Family of Woman Murdered during Appliance Delivery Calls for Background Checks on In-Home Service Workers

Criminal Background Check

Written By ESR News Blog Editor Thomas Ahearn

The family of an elderly woman brutally murdered during an appliance delivery at her home in Boca Raton, Florida, in August of 2019 has called for “state – and possibly federal – legislation to require comprehensive background checks for in-home service workers, as well as continuous monitoring for any arrests and serious traffic infractions that occur during employment,” according to a South Florida Sun-Sentinel report.

The South Florida Sun-Sentinel reported the family of Evelyn “Evy” Udell – a 75-year-old woman who was having a new washer and dryer that she ordered from Best Buy delivered and installed when Boca Raton police said Jorge Luis Dupre Lachazo, 21, beat her with a mallet and set her on fire – want to “require retailers and subcontractors to put at-home service workers through extensive background checks before hiring them.”

In addition to calling for background checks on in-home service workers, the South Florida Sun-Sentinel reported the Udell family filed a civil lawsuit against Best Buy, J.B. Hunt, and X.M. Delivery Service since Udell was unaware Best Buy contracted the delivery of her products to J.B. Hunt, a shipping services company in Arkansas, which then contracted with X.M. Delivery Service, a company in Miami, Florida, that employed Lachazo.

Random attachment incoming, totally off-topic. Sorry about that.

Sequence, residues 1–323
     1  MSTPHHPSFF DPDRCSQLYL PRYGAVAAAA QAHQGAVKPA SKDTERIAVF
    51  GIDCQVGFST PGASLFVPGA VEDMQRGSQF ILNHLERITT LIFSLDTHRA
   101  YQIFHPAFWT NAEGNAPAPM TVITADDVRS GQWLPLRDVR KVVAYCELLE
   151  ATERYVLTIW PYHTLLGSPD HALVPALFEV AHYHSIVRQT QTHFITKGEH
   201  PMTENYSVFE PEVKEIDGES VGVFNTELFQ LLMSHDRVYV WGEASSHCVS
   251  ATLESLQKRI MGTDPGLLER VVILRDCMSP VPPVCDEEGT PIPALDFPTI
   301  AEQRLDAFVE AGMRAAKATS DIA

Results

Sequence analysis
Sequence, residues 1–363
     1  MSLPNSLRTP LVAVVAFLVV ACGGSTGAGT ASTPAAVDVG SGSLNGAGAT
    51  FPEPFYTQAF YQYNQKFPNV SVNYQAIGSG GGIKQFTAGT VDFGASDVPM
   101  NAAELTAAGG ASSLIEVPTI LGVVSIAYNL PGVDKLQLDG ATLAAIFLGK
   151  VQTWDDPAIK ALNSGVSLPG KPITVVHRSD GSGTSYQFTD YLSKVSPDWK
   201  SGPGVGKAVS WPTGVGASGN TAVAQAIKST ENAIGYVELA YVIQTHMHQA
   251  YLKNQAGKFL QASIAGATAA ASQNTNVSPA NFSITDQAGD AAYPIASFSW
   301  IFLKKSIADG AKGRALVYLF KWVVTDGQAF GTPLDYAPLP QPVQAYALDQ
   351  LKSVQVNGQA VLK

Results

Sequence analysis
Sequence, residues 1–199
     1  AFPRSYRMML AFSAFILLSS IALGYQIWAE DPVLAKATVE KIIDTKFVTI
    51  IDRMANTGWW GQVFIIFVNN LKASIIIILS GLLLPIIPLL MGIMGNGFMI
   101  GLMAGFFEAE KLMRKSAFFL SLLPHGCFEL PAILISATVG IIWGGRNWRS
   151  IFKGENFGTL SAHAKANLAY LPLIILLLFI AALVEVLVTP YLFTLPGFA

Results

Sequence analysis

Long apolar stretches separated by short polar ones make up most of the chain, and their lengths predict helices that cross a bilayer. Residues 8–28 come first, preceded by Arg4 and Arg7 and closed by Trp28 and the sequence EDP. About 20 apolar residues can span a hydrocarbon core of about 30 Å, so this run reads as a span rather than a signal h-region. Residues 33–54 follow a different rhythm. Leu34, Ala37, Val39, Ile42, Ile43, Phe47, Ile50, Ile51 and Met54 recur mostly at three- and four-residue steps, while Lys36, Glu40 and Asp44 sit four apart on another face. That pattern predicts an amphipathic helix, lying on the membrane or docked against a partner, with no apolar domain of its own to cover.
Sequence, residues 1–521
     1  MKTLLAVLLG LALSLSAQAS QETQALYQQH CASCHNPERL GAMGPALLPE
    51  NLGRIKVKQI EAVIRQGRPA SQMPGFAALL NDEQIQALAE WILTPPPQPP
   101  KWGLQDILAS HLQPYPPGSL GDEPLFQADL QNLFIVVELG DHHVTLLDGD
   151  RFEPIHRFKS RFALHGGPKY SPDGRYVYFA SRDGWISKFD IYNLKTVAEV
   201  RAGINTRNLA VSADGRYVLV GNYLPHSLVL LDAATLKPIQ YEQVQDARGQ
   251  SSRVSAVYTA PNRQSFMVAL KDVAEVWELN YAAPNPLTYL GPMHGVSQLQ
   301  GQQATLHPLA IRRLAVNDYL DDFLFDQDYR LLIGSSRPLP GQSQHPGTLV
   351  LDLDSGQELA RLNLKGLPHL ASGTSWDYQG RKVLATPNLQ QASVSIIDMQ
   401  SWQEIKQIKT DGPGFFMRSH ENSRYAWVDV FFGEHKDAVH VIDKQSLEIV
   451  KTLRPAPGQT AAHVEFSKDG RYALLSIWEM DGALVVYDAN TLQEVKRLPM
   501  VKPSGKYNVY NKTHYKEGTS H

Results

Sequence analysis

The South Florida Sun-Sentinel reported that “it is unclear whether Lachazo ever underwent a background check at X.M. Delivery Service” since he was arrested in January of 2018 for stealing a cellphone but that charge was dismissed and “it is unclear whether Lachazo began his job before or after his arrest – and what, if any, background checks he underwent during his hiring.” No laws exist requiring the vetting of in-home workers.

In addition, the Udell family has partnered with Lucia Bone, founder of the nonprofit organization Sue Weaver CAUSE (Commit to Always Using Screened Employees) that “advocates for comprehensive background checks for service workers.” The organization is named after Bone’s sister who was murdered in her home in 2001 by a service worker sent to clean air ducts who was a twice-convicted sex offender on parole.

Melissa Sorenson, executive director of the Professional Background Screening Association (PBSA) – a nonprofit trade group representing the screening industry – said in a statement that “some states require background checks for certain licensed positions” but the PBSA “is not aware of any broad-based background screening requirement for all in-home workers,” the South Florida Sun-Sentinel reported.

Employment Screening Resources® (ESR) – a leading global provider of background checks – offers a complimentary white paper titled “Background Screening of Extended Workforce Necessary to Compete in Modern Economy” to show employers why they need to perform background checks on temporary, contract, and volunteer workers just like they do on full-time workers. To learn more about ESR, visit www.esrcheck.com.

NOTE: Employment Screening Resources® (ESR) does not provide or offer legal services or legal advice of any kind or nature. Any information on this website is for educational purposes only.

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